Michelle Williams has found herself at the centre of a racism debate after appearing on the cover of AnOther magazine
Michelle Williams has found herself at the centre of controversy following her cover for AnOther magazine.
The actress, who is currently starring Oz The Great And Powerful, appears on one of the multiple covers of the latest issue dressed as an apparent Native American.
Wearing long, dark hair in braids, beads and feathers, Michelle looks a far cry from her usual blonde, pixie-cropped self. According to the magazine, Williams was ‘transformed into eight imaginary characters’ by photographer Willy Vanderperre and stylist Olivier Rizzo for a cover shoot inspired by the issue’s theme, ‘There’s No Place Like Home.’
The cover has sparked accusations of racism with bloggers and columnists hitting out at the portrayal of Native Americans.
Ruth Hopkins, writing for Jezebel, said: ‘The cover should be pulled, and all parties involved owe the American Indian community an apology. Further, we could all save ourselves a lot of trouble from here on out if people made an effort to learn more about cultures other than their own by opening the lines of communication. Have some humanity. Regardless of race, we are equals and worthy of respect.’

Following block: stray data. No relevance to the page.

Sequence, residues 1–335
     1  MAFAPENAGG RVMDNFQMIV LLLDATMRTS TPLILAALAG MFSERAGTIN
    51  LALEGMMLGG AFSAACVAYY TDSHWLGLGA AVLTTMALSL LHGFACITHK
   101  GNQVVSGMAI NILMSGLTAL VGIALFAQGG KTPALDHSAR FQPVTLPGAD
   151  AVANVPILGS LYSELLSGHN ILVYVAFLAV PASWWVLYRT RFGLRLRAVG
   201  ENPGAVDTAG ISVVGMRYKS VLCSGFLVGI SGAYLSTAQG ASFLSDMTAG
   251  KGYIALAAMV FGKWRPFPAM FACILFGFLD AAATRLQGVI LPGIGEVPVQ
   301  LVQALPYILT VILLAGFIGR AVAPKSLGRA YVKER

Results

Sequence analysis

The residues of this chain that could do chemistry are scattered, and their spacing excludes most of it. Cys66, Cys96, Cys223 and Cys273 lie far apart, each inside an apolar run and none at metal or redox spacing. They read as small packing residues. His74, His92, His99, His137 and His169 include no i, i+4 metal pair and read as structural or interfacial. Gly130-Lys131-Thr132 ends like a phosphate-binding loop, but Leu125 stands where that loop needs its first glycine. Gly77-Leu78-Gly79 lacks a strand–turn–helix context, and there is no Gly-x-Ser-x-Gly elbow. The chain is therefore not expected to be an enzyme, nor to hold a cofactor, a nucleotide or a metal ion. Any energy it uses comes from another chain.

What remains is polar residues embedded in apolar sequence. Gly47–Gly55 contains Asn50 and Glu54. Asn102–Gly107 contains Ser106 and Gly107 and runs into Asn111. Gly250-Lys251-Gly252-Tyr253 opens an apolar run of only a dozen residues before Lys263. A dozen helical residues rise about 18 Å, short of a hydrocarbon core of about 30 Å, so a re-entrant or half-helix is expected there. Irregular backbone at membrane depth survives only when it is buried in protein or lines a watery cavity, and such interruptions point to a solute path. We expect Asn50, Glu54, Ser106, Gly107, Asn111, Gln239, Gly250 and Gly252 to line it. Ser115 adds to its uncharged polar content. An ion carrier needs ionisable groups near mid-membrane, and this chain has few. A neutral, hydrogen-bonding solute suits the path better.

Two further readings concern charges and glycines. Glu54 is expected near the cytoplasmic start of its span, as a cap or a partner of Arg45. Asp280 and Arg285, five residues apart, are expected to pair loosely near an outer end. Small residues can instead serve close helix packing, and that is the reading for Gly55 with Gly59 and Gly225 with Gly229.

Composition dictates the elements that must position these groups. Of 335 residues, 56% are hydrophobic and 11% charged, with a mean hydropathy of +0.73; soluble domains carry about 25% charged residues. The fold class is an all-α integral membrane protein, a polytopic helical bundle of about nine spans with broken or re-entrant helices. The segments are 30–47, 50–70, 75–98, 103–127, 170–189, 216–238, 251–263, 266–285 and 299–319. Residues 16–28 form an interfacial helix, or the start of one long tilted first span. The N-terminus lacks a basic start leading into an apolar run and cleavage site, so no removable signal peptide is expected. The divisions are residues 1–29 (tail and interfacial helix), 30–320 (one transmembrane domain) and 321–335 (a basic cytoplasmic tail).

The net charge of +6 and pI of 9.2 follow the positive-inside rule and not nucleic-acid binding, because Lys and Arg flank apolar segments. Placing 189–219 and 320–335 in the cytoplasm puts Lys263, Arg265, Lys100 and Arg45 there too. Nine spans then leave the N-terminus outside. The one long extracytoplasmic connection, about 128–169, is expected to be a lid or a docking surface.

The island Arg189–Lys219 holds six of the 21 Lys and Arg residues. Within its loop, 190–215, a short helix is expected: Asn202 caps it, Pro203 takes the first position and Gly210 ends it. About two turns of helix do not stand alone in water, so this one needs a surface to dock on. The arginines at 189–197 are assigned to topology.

For The Nation, Aura Bogado, wrote: ‘Playing Indian not only promotes stereotypes, but violates profound spiritual significances, is tantamount to wearing blackface and prolongs a violent history of genocide and colonialism. You’ve done all of that with your photo-shoot costume.’
While online magazine Refinery26, labelled the shoot offensive, saying: ‘Pretty much the only thing we can do here is balk. Why was this produced and published? Who approved this idea? On what planet is this okay or called for, by any measure?
‘Though it doesn’t usually change anything, when creative imagery is found to be offensive by the public, artists usually say something about how political correctness shouldn’t interfere with the direction of their art. But what’s particularly ridiculous about this photo is that we can’t imagine what lofty artistic goal could possibly call for this kind of offense against a people who are still marginalized in many ways today.’
What do you think? Do you find Michelle Williams’ cover offensive? Do you think it’s racist or merely an arty shoot? Are you unsure what to think? We would love to have your comments.